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  1. Yasuharu Tokuda, Sachiko Ohde, Osamu Takahashi, Shigeaki Hinohara, Tsuguya Fukui, Takashi Inoguchi, James P. Butler & Shigeyuki Ueda (2009). Influence of Income on Health Status and Healthcare Utilization in Working Adults: An Illustration of Health Among the Working Poor in Japan. Japanese Journal of Political Science 10 (1):79-92.
    Little is known about health of the growing subpopulation of the working poor in Japan. We aimed to evaluate health status and healthcare utilization in relation to income among Japanese working adults. We conducted a one-month prospective cohort study using a health diary in working adults from a nationally representative random sample in Japan. Based on the government criterion, the working poor group was defined as earning an equivalent annual income of less than 1.48 million Japanese-yen. For health status, we (...)
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  2. Tsukasa Nakamura, Osamu Takahashi, Kunihiko Matsui, Shiro Shimizu, Motoichi Setoyama, Masahisa Nakagawa, Tsuguya Fukui & Takeshi Morimoto (2006). Clinical Prediction Rules for Bacteremia and in‐Hospital Death Based on Clinical Data at the Time of Blood Withdrawal for Culture: An Evaluation of Their Development and Use. Journal of Evaluation in Clinical Practice 12 (6):692-703.
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  3. Atsushi Asai, Motoki Ohnishi, Etsuyo Nishigaki, Miho Sekimoto, Shunichi Fukuhara & Tsuguya Fukui (2004). Focus Group Interviews Examining Attitudes Towards Medical Research Among the Japanese: A Qualitative Study. Bioethics 18 (5):448–470.
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  4. Takeshi Morimoto, Tejal K. Gandhi, Julie M. Fiskio, Andrew C. Seger, Joseph W. So, E. Francis Cook, Tsuguya Fukui & David W. Bates (2004). An Evaluation of Risk Factors for Adverse Drug Events Associated with Angiotensin‐Converting Enzyme Inhibitors. Journal of Evaluation in Clinical Practice 10 (4):499-509.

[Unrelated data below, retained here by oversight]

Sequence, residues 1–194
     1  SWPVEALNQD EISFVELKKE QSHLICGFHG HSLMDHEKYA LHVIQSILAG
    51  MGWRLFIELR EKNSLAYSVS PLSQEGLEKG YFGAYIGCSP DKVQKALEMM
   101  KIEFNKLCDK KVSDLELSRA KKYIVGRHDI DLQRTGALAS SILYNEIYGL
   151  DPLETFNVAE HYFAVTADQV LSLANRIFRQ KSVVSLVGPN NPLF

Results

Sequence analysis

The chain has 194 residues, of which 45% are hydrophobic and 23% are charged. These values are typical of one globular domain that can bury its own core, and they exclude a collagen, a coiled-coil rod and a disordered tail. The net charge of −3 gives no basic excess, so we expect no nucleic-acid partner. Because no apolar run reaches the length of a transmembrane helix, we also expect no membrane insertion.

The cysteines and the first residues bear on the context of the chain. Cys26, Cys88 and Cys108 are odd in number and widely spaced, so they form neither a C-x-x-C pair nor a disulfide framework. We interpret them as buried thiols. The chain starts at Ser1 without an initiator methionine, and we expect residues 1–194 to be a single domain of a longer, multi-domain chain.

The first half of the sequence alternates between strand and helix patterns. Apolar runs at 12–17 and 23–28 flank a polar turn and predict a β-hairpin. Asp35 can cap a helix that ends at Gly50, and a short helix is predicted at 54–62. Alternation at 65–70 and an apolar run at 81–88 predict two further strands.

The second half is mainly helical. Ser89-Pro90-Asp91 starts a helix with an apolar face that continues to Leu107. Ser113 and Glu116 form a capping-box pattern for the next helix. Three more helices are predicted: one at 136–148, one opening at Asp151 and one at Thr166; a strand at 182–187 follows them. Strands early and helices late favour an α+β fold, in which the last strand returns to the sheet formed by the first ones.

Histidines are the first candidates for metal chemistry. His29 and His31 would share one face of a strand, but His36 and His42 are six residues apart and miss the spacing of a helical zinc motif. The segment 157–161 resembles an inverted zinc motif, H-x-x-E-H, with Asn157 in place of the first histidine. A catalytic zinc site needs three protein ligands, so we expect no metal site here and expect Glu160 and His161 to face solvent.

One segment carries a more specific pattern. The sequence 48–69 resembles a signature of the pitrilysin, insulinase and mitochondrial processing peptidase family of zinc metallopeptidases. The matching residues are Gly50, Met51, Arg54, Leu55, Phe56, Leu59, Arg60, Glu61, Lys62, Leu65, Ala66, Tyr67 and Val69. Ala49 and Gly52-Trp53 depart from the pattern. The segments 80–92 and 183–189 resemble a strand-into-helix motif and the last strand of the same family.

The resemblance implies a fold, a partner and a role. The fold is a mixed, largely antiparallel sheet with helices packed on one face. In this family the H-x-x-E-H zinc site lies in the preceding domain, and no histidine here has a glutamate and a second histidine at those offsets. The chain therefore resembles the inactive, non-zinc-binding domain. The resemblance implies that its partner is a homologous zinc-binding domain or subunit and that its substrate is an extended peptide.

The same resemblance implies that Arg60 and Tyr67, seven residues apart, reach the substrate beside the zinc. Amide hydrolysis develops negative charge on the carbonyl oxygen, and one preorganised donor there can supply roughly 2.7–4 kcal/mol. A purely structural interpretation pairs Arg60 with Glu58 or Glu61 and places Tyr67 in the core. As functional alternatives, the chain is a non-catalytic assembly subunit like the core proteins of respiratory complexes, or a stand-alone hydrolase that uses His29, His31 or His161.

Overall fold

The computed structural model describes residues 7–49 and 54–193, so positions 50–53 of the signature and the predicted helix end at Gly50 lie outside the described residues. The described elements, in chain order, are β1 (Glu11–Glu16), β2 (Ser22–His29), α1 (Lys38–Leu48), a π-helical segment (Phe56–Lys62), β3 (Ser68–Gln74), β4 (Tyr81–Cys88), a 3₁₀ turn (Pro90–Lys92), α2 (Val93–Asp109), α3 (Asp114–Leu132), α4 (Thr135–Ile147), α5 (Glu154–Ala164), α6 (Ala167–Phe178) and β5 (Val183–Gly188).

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  5. Atsushi Asai, Motoki Ohnishi, Etsuyo Nishigaki, Miho Sekimoto, Shunichi Fukuhara & Tsuguya Fukui (2002). Attitudes of the Japanese Public and Doctors Towards Use of Archived Information and Samples Without Informed Consent: Preliminary Findings Based on Focus Group Interviews. [REVIEW] BMC Medical Ethics 3 (1):1-10.
    Background The purpose of this study is to explore laypersons' attitudes toward the use of archived (existing) materials such as medical records and biological samples and to compare them with the attitudes of physicians who are involved in medical research. Methods Three focus group interviews were conducted, in which seven Japanese male members of the general public, seven female members of the general public and seven physicians participated. Results It was revealed that the lay public expressed diverse attitudes towards the (...)
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  6. Noritoshi Tanida, Atsushi Asai, Motoki Ohnishi, Shizuko K. Nagata, Tsuguya Fukui, Yasuji Yamazaki & Helga Kuhse (2002). Voluntary Active Euthanasia and the Nurse: A Comparison of Japanese and Australian Nurses. Nursing Ethics 9 (3):313-322.
    Although euthanasia has been a pressing ethical and public issue, empirical data are lacking in Japan. We aimed to explore Japanese nurses’ attitudes to patients’ requests for euthanasia and to estimate the proportion of nurses who have taken active steps to hasten death. A postal survey was conducted between October and December 1999 among all nurse members of the Japanese Association of Palliative Medicine, using a self-administered questionnaire based on the one used in a previous survey with Australian nurses in (...)
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  7. Atsushi Asai, Minako Kishino, Tsuguya Fukui, Masahiko Sakai, Masako Yokota, Kazumi Nakata, Sumiko Sasakabe, Kiyomi Sawada & Fumie Kaiji (1998). Choices of Japanese Patients in the Face of Disagreement. Bioethics 12 (2):162–172.
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